Bruce Boynton, the man who inspired the Freedom Rides, dies at 83

Bruce Boynton, a civil rights icon who helped inspire the historic Freedom Rides of 1961, has died at 83.

The civil rights attorney and Alabama’s first Black special prosecutor passed away earlier this week in Selma from cancer, according to former Alabama state Sen. Hank Sanders, a friend of Boynton’s.

Sanders paid tribute to his friend in a Facebook post Tuesday.

Boynton’s place in the Freedom Rides movement began in 1958 while a student at Howard University Law School in Washington, DC.

Traveling on a bus bound for Alabama, Boynton got out to eat when the bus stopped for a break in Richmond, Virginia.

He said he sat down in the “clinically clean” White area of the restaurant after seeing the unkempt “Blacks” section. He placed his order with the waitress.

“She left and came back with the manager. The manager poked his finger in my face and said … ‘move,'” using a racial slur, Boynton recalled in his interview. “And I knew that I would not move, and I refused to, and that was the case.”

He was arrested after refusing to leave the “Whites-only” section of the restaurant at the bus station. He described his experience in a 2018 interview with The Associated Press.

Boynton was later convicted of trespassing but went on to challenge his sentence with his attorney Thurgood Marshall, who later became the first Black Supreme Court justice. The appeal sparked the historic US Supreme Court ruling in Boynton v. Virginia. In a 7-2 decision in 1960, the Court banned bus station racial segregation.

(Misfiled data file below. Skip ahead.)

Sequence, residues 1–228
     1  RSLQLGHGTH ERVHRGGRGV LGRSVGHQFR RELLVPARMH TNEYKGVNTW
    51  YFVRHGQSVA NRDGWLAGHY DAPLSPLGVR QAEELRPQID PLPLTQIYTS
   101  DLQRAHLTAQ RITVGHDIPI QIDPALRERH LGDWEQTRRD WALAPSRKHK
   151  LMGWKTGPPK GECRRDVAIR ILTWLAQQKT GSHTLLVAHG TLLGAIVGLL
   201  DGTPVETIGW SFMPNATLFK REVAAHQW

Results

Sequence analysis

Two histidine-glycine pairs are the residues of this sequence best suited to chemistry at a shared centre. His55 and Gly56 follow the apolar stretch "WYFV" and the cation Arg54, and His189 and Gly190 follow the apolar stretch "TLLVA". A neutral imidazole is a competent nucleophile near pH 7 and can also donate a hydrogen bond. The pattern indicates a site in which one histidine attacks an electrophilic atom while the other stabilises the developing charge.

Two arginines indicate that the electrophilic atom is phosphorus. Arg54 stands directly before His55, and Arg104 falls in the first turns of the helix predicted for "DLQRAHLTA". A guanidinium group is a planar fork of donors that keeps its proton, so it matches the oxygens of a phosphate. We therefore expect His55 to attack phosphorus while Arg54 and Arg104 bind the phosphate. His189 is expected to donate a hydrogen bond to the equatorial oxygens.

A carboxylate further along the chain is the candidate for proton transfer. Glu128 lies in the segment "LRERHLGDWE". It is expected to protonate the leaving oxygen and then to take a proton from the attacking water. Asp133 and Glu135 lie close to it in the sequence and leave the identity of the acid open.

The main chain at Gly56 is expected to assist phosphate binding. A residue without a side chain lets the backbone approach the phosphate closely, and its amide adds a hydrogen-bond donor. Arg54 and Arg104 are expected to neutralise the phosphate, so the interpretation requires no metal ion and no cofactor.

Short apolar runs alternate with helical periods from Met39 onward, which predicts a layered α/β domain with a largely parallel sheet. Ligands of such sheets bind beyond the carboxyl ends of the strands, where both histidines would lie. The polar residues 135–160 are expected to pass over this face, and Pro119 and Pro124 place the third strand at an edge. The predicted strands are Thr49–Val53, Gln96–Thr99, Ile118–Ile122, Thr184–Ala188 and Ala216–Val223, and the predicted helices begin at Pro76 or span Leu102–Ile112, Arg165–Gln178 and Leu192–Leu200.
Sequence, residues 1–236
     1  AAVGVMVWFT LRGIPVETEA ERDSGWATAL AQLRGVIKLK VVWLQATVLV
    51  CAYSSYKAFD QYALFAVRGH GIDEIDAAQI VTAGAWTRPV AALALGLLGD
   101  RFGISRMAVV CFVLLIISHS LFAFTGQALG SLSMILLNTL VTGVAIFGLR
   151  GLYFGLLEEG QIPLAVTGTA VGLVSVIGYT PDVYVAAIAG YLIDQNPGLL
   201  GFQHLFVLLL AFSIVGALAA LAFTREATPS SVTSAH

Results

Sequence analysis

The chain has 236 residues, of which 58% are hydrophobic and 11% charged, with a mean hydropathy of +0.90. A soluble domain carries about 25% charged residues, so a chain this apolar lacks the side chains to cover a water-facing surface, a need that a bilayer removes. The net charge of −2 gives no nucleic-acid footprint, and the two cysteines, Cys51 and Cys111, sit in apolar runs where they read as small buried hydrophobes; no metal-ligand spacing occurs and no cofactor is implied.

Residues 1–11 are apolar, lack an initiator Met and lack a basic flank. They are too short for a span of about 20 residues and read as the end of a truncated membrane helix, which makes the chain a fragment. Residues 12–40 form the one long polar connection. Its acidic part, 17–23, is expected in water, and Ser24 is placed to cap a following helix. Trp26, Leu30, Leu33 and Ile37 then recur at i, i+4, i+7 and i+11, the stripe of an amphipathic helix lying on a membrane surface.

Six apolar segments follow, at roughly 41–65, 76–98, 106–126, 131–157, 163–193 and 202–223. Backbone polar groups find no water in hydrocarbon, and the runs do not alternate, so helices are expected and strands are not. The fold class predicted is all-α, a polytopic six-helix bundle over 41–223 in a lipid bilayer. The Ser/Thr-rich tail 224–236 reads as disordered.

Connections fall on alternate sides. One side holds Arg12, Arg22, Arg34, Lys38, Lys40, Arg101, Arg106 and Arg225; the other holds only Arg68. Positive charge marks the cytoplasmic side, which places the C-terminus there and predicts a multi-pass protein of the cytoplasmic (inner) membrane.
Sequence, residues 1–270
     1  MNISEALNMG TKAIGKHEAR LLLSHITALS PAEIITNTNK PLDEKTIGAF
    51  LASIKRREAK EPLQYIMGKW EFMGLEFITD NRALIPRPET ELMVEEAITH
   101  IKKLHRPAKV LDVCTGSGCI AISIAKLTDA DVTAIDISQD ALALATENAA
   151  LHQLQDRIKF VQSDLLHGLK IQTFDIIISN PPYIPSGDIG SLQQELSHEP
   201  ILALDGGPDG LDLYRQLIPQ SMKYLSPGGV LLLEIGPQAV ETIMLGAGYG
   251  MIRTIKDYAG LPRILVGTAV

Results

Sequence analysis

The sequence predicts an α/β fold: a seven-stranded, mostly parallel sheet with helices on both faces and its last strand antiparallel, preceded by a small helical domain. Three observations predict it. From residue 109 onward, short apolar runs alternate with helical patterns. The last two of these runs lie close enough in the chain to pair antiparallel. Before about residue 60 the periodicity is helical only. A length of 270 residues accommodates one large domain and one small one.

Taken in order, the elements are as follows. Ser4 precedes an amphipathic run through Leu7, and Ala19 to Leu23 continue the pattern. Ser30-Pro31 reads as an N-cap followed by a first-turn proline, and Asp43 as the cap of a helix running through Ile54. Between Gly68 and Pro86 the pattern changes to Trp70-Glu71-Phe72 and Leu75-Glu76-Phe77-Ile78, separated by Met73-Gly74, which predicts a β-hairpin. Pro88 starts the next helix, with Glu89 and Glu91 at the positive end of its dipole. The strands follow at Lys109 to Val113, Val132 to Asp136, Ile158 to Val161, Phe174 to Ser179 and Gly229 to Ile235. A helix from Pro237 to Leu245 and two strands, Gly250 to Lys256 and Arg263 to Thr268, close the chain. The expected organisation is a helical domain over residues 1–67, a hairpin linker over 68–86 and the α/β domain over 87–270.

The case ignited the Freedom Rides movement in 1961, as Black and White civil rights activists boarded buses to cities in the Deep South to protest segregated buses and stations.

Boynton was born and raised in Selma, and came from a family of activists. His parents were known as Mr. and Mrs. Civil Rights. His mother, Amelia Boynton Robinson, was viciously beaten in 1965 when a group of demonstrators faced violence as they attempted to march from Selma to Montgomery, Alabama, to demand the right to vote for Black people. Robinson and others were honored by President Barack Obama in 2015, 50 years after “Bloody Sunday.”

Boynton’s death came less than two weeks before the 60th anniversary of the Supreme Court decision that changed his and many others lives.